Two Cats Who Were Being Fed in Port Chester Need Homes: Time for a Rescue!

Miki and Coco needs homes. Contributed photo

Six month old “Coco” needs homes. Contributed photo

Miki and Coco needs homes. Contributed photo

One year old “Miki” needs a home. Contributed photo

These two homeless cats were being fed in Port Chester until the kind soul feeding them moved… Time for a rescue!

Both six month old “Coco” and one year old “Miki” have been neutered and fully vetted. They are both completely healthy.

Coco is very timid and Miki very scared of people, both need time & patience to learn to trust people to become house cats…  They would do well as comrades as a barn cats or in a feral colony too.

They are in great need, declining in spirit they must soon be freed from being enclosed.

They have been at Rippowam Animal Hospital in Stamford for over a month. ARK Charities/Redemption Rescue continues to mount expenses to keep them safe. Contact ARK Charities ( ), Tina 203 830-9774 or Franchesca 203 559-1498.

You can meet them at Rippowam Animal Hospital on High Ridge Road, Tel 203 329-8811

Please care and share to help get them to a happier life.


Email news tips to Greenwich Free Press editor
Like us on Facebook
Subscribe to the daily Greenwich Free Press newsletter.

  • Natalie Jarnstedt

    I wish that people knew that turning cats into “barn cats” isn’t exactly easy: One can’t just plop them at a barn and expect them to stick around. There’s a certain procedure to be followed: Cats must be kept indoors, or caged indoors, allowing them to learn the scent of the new area. After a few weeks, when they have become accustomed to the area and caretakers, they should ideally be allowed outside under supervision.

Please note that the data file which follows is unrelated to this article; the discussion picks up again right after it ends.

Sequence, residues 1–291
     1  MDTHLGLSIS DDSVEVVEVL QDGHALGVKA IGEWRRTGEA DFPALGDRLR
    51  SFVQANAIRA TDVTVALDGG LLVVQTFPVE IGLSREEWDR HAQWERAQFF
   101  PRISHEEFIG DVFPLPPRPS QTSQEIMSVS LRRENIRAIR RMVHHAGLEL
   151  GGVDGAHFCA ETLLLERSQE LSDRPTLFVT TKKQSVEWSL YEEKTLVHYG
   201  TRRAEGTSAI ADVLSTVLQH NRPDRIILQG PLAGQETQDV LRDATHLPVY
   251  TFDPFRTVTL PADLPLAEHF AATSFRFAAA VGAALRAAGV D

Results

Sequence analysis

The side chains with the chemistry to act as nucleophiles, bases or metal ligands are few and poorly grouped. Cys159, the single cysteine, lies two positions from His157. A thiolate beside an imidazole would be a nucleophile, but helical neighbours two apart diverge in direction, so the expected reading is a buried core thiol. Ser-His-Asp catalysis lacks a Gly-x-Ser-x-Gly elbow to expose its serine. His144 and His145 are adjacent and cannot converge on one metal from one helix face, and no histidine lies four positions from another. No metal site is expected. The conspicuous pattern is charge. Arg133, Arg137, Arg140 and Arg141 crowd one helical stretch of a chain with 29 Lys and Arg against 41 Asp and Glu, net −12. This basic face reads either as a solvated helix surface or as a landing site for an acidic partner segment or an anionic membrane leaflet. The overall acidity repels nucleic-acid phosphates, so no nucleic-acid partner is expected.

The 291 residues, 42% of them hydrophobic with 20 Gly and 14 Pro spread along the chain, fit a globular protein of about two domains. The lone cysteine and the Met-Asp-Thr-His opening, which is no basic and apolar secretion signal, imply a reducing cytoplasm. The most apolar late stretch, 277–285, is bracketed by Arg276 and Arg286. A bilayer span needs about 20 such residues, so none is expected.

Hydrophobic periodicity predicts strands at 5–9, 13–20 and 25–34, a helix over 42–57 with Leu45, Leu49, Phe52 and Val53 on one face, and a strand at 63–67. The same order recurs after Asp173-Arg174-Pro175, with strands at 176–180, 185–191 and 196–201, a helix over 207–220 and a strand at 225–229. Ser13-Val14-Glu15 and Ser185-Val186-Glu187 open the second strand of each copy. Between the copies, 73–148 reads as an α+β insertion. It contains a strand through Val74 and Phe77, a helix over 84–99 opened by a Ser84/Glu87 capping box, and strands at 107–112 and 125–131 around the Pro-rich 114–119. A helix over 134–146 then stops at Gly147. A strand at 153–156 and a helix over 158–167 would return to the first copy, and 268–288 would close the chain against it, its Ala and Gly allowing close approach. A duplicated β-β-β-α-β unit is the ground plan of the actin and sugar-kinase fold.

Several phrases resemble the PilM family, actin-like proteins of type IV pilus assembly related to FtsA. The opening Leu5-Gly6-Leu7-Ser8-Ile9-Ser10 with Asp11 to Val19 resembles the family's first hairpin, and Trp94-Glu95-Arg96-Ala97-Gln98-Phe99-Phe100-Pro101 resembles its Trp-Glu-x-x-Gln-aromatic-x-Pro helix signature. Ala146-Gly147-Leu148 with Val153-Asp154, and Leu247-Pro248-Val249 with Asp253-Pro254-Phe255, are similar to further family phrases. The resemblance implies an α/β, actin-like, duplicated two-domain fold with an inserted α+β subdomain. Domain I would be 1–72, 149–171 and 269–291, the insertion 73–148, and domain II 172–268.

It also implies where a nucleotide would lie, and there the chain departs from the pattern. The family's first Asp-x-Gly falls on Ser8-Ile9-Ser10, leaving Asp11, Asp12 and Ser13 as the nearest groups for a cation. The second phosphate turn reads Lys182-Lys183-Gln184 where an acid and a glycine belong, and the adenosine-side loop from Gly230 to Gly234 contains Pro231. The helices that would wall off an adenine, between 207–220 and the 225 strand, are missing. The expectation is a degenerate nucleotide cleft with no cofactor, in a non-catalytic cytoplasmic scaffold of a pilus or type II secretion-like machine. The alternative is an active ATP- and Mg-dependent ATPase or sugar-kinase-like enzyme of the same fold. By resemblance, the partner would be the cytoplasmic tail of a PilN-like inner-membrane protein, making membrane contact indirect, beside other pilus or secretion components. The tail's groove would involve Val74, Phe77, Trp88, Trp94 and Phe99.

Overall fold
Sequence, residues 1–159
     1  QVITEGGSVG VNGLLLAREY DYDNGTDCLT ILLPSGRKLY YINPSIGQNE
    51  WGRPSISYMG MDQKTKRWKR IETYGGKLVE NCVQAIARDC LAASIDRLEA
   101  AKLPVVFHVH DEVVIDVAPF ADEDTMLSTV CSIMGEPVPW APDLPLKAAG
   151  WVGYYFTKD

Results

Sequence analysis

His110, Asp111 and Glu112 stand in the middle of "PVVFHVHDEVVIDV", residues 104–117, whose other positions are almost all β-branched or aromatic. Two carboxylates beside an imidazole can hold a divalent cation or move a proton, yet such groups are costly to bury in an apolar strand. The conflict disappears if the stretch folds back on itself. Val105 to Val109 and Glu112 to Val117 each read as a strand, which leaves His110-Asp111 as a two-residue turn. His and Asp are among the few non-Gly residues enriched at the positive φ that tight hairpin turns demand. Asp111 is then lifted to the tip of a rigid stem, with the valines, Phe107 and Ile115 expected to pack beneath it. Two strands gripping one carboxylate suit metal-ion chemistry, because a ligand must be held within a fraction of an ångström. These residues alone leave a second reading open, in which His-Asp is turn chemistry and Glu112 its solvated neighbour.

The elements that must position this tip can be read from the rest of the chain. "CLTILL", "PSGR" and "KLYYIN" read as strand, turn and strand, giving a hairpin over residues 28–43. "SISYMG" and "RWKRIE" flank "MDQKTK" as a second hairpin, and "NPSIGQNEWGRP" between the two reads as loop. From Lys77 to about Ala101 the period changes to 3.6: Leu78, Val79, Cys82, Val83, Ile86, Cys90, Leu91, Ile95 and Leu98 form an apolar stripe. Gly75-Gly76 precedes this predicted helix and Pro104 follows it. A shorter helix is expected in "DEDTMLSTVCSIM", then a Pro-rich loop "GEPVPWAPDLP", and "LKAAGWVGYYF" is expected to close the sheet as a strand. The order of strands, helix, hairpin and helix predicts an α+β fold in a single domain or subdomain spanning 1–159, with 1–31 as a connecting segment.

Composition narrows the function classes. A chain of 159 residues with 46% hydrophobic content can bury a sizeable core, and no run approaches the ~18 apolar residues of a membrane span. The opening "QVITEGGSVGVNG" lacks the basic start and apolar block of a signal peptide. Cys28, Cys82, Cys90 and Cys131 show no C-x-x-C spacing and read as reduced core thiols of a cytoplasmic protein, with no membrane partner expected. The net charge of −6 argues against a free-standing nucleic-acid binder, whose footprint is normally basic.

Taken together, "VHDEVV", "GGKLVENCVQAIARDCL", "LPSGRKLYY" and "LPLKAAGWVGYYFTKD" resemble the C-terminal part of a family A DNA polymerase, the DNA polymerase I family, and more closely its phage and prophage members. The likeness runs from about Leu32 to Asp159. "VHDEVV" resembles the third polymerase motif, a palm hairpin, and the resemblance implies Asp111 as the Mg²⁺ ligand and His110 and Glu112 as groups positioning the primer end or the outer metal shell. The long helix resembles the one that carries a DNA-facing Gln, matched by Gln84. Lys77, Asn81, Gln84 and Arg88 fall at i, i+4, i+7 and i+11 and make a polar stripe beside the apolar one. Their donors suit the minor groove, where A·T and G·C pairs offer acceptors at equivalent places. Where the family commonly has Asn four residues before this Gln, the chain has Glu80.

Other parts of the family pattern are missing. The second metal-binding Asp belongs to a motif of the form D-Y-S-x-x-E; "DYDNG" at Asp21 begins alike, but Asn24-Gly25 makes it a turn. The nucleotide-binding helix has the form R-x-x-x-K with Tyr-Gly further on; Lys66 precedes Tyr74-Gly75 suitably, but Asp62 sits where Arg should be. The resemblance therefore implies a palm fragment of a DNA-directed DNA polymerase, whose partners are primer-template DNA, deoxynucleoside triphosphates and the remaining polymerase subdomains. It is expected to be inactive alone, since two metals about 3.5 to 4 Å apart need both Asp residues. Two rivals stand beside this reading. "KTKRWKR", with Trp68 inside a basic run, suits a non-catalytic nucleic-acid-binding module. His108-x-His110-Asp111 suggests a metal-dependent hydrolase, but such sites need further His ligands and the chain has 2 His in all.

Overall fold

Believe me, I learned this lesson when I began trapping cats at the Greenwich “dump” 25 years ago. After calling all the barns in the area (not just Greenwich), i found that not only were they not eager to accept any cats, they had stray cats that weren’t spayed/neutered and were constantly besieged (their expression) with litters of kittens, several times a year. The same goes for releasing cats at a feral colony – they would NOT stay around and would most likely try to find their way back to the area from which they came, exposed to many dangers.